“By sending out the questions in advance, you prompted some thoughts and, together with the reflection along the way, it made us become more specific. The phase of talking together in pairs with someone from somewhere completely different within the organisation and where we really had a chance to ask what it meant to the other person was really good. We also got better at arguing our own case.”
Lene Jensen, Glostrup Municipality
4. Analyses and patterns: condensing data
Preparing for the focus groups and the dialogical method along the way means that the data that is produced in the facilitated focus groups is already categorised and processed by the participants. Furthermore, the data has an inherent capacity for nuances and various interpretations, as it consists of and captures concrete dialogues. The condensation is therefore less about interpreting and concluding, as that is primarily done by the participants themselves. As an evaluator, it is more about grouping the facilitated focus groups’ statements into topics and identifying the cross-disciplinary patterns in relation to the selected evaluation topics. The dialogical evaluation method thereby drives the analysis work to a greater extent, which creates a closer connection to the organisation.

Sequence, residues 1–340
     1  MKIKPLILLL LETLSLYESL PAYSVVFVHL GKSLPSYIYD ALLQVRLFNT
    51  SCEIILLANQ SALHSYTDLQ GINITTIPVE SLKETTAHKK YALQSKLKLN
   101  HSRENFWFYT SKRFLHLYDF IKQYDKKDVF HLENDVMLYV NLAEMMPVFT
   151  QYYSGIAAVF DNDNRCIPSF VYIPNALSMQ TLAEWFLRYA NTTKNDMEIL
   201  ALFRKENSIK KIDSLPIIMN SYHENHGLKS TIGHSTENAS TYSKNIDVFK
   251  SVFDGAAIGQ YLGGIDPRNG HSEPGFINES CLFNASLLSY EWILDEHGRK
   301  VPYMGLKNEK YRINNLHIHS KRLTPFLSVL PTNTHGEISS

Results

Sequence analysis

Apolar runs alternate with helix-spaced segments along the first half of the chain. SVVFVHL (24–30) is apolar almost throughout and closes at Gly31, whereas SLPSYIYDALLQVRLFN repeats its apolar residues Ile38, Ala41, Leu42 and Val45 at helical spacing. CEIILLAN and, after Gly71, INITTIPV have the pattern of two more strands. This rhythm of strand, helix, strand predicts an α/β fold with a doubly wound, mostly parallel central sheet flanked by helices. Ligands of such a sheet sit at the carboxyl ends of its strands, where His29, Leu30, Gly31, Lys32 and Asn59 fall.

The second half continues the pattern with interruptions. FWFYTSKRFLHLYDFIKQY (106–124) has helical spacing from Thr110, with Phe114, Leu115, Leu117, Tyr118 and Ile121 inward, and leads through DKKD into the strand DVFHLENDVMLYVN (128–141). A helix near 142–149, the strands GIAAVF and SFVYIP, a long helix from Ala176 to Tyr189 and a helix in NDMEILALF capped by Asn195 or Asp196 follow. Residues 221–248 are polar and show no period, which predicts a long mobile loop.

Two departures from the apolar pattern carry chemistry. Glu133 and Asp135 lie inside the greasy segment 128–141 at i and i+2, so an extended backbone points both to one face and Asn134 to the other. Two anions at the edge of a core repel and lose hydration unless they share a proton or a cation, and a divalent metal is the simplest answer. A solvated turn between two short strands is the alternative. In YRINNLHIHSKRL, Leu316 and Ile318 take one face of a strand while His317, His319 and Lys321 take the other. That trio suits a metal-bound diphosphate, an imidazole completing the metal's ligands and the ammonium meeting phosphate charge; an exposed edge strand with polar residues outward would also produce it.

5. Results and dialogical anchoring
When the results are available, the value creation within the organisation is already underway in the evaluation process. Hence the follow-up on the evaluation process is a natural extension of the many diverse dialogues that have already been established, and the results have thereby already been translated to the pertinent organisational context. The results are thus qualified and nuanced, so that they can create a strong starting point for dialogues within the management and the organisation. In Glostrup, a number of dialogues were established within the top management and the HR department, and visible future focus and strength areas were quickly created. Finally, the comprehensive involvement of the organisation’s employees dictates that they are thanked for their efforts and contributions, and results and future efforts are openly declared.
“It’s a powerful result, which has taught us something we didn’t know before and something we knew, but in a different way, but at the same time also in a way that means you have something concrete that you can continue to work with.”
Morten Winge, City Manager, Glostrup Municipality
Why dialogues rather than numbers?
Leadership evaluations will undoubtedly grow in popularity in the coming years, which is why it is crucial that we critically discuss and consider which type of evaluation can help create the value that we want to create. With the dialogically founded evaluation method, we aim to create a richer and more nuanced picture of what evaluations can look like, while adding value during the process for everyone involved by producing more nuanced, action-oriented results.